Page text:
A Once-in-a-Lifetime Chance to re-set Your Financial Life
Updated: May 18, 2021
Use this time now to re-think your financial life
Kathleen J. Owens
May 15, 2021
The pandemic has forced many of us to adopt new routines. We’ve had to hunker down in our homes for more than a year now, and things are starting to inch back to normal. Whatever normal is to you. But what if you don’t want to go back to your normal. What if you should really assess what you like and don’t like about the way you lived your life, pre-pandemic?
Now is the opportune time to take a hard look at your life. There are many areas which you can improve your life, only if you are brave enough to take action.
It would be bold to assess all areas of your life which you feel could be better, but since I’m a financial advisor, I’m going to discuss how you can take this ‘re-set’ to confront your behaviors that are holding you back financially.
You have good intentions, but financial matters often get pushed to the back burner. This is normal for a lot of people. We are all very busy with our daily lives, and if something is not staring us in the face, we tend to ignore it, even if it is something that we know we should do.
Use the time now to take a deep look and ask yourself, why? What fears, misinformation, lack of time, or lack of inertia is getting in the way of your financial success?
A survey revealed that 44% of adults keep financial secrets from their spouse or significant other. Usually, the secret is hidden debt. (1)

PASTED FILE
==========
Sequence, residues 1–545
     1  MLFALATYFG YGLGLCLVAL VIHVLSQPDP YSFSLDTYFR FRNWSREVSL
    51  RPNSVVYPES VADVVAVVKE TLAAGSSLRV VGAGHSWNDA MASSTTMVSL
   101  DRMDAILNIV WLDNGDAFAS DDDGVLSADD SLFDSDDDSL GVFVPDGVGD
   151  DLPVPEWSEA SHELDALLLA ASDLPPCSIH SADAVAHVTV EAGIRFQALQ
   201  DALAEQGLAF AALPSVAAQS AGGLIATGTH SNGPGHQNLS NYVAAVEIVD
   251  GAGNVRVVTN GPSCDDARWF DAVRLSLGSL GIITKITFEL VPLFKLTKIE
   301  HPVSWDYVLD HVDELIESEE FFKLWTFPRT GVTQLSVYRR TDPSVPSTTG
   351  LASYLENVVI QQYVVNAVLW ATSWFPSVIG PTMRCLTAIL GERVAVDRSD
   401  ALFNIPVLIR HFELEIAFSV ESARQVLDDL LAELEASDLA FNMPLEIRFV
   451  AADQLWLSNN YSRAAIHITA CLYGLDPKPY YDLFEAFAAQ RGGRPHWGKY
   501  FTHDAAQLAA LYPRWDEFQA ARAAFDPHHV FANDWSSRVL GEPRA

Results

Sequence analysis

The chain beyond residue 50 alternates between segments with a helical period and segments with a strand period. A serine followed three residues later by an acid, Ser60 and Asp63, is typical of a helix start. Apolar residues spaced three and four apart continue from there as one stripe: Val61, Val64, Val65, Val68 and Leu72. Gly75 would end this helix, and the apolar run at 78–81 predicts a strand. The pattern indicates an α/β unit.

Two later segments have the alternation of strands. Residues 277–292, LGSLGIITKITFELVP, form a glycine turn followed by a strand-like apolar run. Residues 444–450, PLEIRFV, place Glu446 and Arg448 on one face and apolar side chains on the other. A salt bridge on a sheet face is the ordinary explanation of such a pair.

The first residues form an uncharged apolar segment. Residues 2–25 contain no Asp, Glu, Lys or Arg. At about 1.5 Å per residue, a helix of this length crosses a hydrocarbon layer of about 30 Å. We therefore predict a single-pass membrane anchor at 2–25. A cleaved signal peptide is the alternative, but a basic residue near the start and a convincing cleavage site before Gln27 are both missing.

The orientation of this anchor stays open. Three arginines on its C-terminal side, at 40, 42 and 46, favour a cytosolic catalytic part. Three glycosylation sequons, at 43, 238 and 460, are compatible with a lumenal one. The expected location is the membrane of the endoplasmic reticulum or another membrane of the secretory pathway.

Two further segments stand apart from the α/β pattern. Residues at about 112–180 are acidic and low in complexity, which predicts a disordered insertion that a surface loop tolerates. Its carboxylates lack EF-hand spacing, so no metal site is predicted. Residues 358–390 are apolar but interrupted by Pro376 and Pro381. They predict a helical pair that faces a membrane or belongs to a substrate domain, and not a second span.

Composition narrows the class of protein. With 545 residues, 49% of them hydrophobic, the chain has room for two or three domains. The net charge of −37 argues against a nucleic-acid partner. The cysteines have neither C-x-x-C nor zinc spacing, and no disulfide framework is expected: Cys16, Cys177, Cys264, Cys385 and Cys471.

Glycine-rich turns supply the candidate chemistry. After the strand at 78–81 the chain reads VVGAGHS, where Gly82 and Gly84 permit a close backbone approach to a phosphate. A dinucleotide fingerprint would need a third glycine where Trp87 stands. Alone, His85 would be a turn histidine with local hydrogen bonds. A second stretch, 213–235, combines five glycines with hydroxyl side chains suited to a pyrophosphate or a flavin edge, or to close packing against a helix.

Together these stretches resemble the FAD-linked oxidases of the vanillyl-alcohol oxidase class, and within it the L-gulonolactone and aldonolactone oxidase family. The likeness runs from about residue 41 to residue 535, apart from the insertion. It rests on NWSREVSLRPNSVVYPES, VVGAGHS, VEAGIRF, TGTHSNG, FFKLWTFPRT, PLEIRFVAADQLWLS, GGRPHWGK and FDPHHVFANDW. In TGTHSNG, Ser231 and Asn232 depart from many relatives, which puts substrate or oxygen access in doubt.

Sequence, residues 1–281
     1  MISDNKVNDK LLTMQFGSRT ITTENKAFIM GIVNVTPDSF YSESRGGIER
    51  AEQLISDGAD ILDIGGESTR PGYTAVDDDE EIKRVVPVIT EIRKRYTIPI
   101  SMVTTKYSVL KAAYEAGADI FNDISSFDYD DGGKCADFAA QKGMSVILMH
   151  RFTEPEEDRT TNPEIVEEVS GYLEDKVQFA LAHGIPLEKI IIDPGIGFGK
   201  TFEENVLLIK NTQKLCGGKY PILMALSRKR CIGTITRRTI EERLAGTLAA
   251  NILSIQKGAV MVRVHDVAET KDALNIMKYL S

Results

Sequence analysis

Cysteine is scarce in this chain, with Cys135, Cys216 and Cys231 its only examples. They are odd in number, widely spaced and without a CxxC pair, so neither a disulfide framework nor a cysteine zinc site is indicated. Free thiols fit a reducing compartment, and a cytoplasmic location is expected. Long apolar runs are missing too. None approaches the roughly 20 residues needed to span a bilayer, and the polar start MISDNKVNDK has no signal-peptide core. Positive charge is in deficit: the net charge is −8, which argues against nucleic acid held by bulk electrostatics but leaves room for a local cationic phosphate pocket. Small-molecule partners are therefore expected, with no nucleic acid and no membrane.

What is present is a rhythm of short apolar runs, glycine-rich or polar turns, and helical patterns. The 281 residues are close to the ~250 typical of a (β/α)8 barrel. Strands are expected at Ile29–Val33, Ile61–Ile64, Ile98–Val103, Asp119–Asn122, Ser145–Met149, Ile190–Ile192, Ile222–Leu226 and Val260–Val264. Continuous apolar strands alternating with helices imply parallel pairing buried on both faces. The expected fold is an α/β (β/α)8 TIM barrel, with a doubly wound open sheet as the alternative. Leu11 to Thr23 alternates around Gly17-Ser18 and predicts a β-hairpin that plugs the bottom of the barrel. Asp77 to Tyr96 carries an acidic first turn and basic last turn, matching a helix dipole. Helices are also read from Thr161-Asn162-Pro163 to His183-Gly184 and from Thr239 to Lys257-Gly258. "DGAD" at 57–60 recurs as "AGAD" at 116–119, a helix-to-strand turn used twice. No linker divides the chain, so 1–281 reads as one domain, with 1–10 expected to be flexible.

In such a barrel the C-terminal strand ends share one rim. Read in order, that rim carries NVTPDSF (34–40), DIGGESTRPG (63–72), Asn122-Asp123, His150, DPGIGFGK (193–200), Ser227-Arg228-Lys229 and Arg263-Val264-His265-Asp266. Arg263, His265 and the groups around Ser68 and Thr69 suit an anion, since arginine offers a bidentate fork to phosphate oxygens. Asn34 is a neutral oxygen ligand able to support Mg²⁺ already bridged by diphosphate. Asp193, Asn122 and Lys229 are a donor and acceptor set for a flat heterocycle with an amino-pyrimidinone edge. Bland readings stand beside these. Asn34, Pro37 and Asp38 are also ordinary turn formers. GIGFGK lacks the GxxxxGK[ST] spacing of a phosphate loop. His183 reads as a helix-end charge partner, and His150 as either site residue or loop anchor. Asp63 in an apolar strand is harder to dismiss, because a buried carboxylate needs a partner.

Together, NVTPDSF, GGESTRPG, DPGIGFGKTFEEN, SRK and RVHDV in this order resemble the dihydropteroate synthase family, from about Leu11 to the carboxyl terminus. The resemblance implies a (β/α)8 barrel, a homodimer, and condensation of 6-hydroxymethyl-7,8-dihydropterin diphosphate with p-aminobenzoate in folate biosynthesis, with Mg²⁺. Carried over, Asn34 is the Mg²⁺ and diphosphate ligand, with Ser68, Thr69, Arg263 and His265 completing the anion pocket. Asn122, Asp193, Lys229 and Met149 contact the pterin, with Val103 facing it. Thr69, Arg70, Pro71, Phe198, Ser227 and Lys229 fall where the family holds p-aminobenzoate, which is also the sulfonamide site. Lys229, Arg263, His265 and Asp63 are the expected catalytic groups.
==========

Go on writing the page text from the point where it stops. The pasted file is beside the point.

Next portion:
Is it time to come clean and confess to yourself and to your loved one’s a financial habit that you may not be proud of? Or, does your spouse or significant other sabotage your finances?
On the other end of the spectrum, you could be financially wildly successful, but your financial life is a mess. Celebrities are sadly a good example of people that have a lot of money, but have trouble managing their finances. We often see the headlines of celebrities and sports figures that have to file bankruptcy, or die without a will or trust documents.
If your work activity, your relationships with family and friends and how you’ve been living your life been disrupted by the pandemic, the time before you fully reenter the world should not be wasted. This time is a once-in-a-lifetime opportunity to come clean with yourself—to admit that all was not perfectly well before. (2)
Here’s how you can make a plan not to return to normal.
Get out a sheet of paper and draw a vertical line down the center of the paper, and a horizontal line across the middle of the paper. (a big +). On the top left, list the things that you liked (pros) about your financial life before the pandemic, and on the right list the list the things that you didn't liked (cons) about your financial life before the pandemic.
One thought could be that you liked your financial life before the pandemic because it was predictable and you had a routine. Your bills were paid on time because you automated your bill pay and set-up automatic reminders.
On the bottom left of the sheet, list the things that you liked (pros) about your financial life during the pandemic. One the bottom right, list the things that you disliked (cons) about your financial life during the pandemic.